And I do think it’s born of PETA’s leaders’ heartfelt opposition to the very concept of animals as pets. In fact, here are 3 quotations to that effect from PETA head Ingrid Newkirk.

    “In the end, I think it would be lovely if we stopped this whole notion of pets altogether.” Ingrid Newkirk, national Director, People for the Ethical Treatment of Animals (PeTA), Newsday, 2/21/88

    “I don’t use the word “pet.” I think it’s speciesist language. I prefer “companion animal.” For one thing, we would no longer allow breeding. People could not create different breeds. There would be no pet shops. If people had companion animals in their homes, those animals would have to be refugees from the animal shelters and the streets. You would have a protective relationship with them just as you would with an orphaned child. But as the surplus of cats and dogs (artificially engineered by centuries of forced breeding) declined, eventually companion animals would be phased out, and we would return to a more symbiotic relationship – enjoyment at a distance.” Ingrid Newkirk, national Director, People for the Ethical Treatment of Animals (PeTA), The Harper’s Forum Book, Jack Hitt, ed., 1989, p.223.

    “Pet ownership is an absolutely abysmal situation brought about by human manipulation.” Ingrid Newkirk, national Director, People for the Ethical Treatment of Animals (PeTA), Just Like Us?” Harper’s, August 1988, p. 50.

    You may agree with Newkirk on this. It’s a wholly reasonable position to hold. But let’s please stop pretending that PETA doesn’t have an agenda that is every bit as focused and extreme as CCF’s.

  22. RP says


    I don’t have time to read your latest reply right now. I am off to go eat, but I did see “Nic and RP’s purported arguments boil down to “Leather good; fur bad.”” while skimming through it.

    I never once mentioned anything about fur or leather, so perhaps you may want to reread my posts. I only have a problem with you touting the CCF mantra while not fully understanding the issue.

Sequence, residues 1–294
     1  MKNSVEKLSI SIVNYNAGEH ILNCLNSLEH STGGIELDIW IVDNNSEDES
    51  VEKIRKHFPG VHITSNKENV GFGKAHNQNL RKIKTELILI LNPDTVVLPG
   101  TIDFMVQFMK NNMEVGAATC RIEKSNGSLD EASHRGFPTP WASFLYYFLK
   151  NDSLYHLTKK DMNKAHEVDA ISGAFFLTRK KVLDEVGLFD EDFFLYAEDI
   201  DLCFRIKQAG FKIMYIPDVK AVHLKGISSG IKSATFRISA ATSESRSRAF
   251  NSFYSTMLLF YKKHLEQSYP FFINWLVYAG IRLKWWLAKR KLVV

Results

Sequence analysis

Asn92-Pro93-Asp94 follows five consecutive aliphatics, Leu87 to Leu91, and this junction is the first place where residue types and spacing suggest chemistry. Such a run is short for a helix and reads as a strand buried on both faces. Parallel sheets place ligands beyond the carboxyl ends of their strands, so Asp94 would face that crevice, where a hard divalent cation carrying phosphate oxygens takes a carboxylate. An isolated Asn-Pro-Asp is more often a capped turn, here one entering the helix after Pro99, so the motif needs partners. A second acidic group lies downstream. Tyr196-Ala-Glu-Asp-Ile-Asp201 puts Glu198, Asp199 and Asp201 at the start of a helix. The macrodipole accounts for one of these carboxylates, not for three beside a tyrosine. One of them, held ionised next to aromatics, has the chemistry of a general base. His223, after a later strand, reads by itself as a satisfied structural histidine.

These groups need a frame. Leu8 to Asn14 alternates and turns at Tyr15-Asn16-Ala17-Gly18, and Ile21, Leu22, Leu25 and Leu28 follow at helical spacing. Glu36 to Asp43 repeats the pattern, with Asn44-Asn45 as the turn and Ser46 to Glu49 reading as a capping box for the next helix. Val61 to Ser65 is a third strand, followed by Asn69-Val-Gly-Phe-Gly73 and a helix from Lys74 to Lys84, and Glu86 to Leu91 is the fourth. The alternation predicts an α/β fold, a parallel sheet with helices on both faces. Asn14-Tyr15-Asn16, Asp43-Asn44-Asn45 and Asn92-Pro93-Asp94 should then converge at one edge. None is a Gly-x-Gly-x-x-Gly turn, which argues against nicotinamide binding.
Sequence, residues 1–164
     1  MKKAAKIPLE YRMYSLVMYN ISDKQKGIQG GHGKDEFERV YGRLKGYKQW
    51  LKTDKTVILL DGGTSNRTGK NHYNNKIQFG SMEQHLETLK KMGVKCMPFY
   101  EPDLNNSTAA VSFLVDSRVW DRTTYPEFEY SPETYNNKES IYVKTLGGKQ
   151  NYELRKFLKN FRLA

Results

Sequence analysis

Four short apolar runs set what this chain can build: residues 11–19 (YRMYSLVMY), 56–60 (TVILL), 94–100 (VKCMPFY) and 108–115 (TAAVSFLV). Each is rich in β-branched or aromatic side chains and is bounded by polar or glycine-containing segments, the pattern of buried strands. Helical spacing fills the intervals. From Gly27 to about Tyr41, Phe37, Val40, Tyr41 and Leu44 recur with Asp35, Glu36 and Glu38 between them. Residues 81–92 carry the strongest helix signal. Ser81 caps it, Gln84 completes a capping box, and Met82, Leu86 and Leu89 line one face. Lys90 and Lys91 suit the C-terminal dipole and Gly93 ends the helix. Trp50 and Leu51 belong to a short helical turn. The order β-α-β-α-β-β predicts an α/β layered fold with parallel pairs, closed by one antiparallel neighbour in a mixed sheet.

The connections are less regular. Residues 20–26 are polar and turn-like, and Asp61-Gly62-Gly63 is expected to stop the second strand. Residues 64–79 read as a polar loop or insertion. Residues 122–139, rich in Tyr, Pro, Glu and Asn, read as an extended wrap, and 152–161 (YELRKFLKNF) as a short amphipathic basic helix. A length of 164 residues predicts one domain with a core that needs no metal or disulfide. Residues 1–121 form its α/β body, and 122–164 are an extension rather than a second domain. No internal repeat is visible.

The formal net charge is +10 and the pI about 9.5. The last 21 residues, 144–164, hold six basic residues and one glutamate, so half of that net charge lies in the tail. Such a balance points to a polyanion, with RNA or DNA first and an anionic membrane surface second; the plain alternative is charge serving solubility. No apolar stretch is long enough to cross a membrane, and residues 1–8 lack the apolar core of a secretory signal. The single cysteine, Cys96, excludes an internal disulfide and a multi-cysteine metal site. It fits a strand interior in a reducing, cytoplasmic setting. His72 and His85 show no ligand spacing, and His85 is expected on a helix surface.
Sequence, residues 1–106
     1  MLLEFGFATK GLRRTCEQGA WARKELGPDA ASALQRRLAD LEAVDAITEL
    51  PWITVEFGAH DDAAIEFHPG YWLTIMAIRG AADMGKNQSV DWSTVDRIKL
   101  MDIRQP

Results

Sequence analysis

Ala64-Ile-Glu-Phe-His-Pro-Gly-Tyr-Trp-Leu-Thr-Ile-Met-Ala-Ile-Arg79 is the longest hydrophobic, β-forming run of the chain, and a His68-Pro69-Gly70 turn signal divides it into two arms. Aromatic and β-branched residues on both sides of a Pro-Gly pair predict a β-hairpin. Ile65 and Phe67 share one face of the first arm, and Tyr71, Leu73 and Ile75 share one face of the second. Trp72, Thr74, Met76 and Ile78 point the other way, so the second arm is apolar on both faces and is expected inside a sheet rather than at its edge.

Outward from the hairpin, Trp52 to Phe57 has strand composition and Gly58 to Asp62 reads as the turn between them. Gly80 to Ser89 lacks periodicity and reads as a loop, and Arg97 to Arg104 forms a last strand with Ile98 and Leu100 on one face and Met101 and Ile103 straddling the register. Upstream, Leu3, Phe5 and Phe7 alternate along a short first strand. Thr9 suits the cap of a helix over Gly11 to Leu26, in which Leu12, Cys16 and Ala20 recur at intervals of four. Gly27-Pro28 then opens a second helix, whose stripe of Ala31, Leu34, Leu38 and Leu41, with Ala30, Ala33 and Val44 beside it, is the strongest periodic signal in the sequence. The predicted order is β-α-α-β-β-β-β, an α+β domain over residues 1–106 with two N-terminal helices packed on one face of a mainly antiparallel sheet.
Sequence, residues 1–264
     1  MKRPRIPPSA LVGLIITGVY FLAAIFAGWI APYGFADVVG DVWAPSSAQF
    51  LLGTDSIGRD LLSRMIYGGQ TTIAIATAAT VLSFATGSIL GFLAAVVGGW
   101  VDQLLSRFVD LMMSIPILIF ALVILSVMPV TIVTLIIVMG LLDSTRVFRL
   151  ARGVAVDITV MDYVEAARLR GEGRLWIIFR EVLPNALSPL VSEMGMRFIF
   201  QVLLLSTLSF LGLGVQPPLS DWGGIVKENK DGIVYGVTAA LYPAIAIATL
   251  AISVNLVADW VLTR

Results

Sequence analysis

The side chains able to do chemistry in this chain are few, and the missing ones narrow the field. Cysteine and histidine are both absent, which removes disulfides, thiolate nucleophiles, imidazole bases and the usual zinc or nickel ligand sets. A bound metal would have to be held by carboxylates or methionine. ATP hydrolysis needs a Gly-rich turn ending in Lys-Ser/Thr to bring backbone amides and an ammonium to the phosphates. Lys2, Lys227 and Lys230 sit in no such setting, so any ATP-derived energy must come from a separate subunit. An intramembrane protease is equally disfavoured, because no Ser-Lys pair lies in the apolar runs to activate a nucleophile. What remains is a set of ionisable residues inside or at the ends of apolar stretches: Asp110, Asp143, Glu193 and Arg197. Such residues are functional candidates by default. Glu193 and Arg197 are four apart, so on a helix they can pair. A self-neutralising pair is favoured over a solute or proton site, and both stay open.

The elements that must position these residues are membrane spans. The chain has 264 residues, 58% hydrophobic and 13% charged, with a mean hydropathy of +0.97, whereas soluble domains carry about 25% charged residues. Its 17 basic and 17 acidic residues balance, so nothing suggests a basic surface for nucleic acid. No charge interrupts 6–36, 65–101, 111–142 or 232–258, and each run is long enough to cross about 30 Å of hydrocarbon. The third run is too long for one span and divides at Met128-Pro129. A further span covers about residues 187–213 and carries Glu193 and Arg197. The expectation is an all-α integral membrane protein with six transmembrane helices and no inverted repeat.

23. 24play says


    So sorry for the misattribution. You are of course correct. In your case, you bypassed the leather canard entirely. The argument you’ve been struggling valiantly to make instead boils down to this: “Fur bad! PETA good!”

    Anyway, now that we know what you have a problem with, let me say that I ONLY have a problem with you continuing to declare that, because we disagree, I am either uninformed, outstandingly ignorant, or lack basic comprehensions skills—or that the points I continue to support with statistics and quotations from the officials actually involved are “LUDICROUS!”

    You’re the one blathering on about the Norfolk SPCA. I never mentioned the SPCA. I referred to the city-run pound, the real “shelter of last resort” in Norfolk, which you could read about at the link below, if you had any inclination to stop spouting “The Gospel According to PETA” for a few seconds and dispel some of your own ignorance:

    You’ll see that, despite the fact that they no doubt have to deal with a constant stream of the sickest, oldest, most severely injured, and most aggressive animals in the Norfolk area, the pound focuses strongly on adoption—and decries unnecessary euthanasia.

  24. 24Play says


    How can my arguement boil down to “Fur bad! PETA good!” when I have not taken any stance on fur what-so-ever in this forum??? Furthermore, I don’t agree with PETA on a number of things, but I do feel that you wrong on this issue.

    To your second paragraph: You posted a news article that was extremely biased to the CCF. That my friend is uniformed. Then you made a blatantly false accusation at the entire organization of PETA. I stand by that as ludicrous. You can quote Ingrid all you want, but she does not singly embody PETA. To accuse PETA of wanting to kill animals is ridiculous.

    As to me “blathering on” about the Norfolk SPCA, you mentioned the “Norfolk pound”. That would be the Norfolk SPCA. I was clarifing it for you. If you can’t understand. That is not my problem.

    As to dispelling my “ignorance.” I live in Norfolk. I know how it works here. I’ve been to all of these facilities.

    You don’t know what you are talking about, and as evident by your closing comment you still don’t understand how shelters work.

    “decries unnecessary euthanasia”

    Duh! We’re talking about NECESSARY euthanasia however. You keep missing the bloody point.

    I do applaud your effort to scour the internet for all these little tidbits. At least you are trying to inform yourself.

    And with that I am off to go enjoy my night. Adios.

  25. RP says


    That last comment attributed to 24Play, is actually me.

    My bad… starting typing in the wrong box.

    Anywhooo, I’m calling it quits for real now.